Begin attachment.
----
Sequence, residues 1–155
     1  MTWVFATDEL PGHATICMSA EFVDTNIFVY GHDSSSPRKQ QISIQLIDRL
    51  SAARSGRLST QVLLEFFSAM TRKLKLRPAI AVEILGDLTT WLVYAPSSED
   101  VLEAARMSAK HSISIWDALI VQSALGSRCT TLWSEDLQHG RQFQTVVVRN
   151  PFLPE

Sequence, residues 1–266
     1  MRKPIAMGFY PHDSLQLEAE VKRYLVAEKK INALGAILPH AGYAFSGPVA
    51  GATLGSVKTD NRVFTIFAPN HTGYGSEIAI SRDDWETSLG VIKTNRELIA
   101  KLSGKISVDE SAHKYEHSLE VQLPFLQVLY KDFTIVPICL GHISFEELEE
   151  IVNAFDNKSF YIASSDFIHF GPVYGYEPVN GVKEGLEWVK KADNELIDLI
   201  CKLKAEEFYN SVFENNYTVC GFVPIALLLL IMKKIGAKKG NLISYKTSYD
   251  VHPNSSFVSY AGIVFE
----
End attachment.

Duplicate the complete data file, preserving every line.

Sequence, residues 1–155
     1  MTWVFATDEL PGHATICMSA EFVDTNIFVY GHDSSSPRKQ QISIQLIDRL
    51  SAARSGRLST QVLLEFFSAM TRKLKLRPAI AVEILGDLTT WLVYAPSSED
   101  VLEAARMSAK HSISIWDALI VQSALGSRCT TLWSEDLQHG RQFQTVVVRN
   151  PFLPE

Sequence, residues 1–266
     1  MRKPIAMGFY PHDSLQLEAE VKRYLVAEKK INALGAILPH AGYAFSGPVA
    51  GATLGSVKTD NRVFTIFAPN HTGYGSEIAI SRDDWETSLG VIKTNRELIA
   101  KLSGKISVDE SAHKYEHSLE VQLPFLQVLY KDFTIVPICL GHISFEELEE
   151  IVNAFDNKSF YIASSDFIHF GPVYGYEPVN GVKEGLEWVK KADNELIDLI
   201  CKLKAEEFYN SVFENNYTVC GFVPIALLLL IMKKIGAKKG NLISYKTSYD
   251  VHPNSSFVSY AGIVFE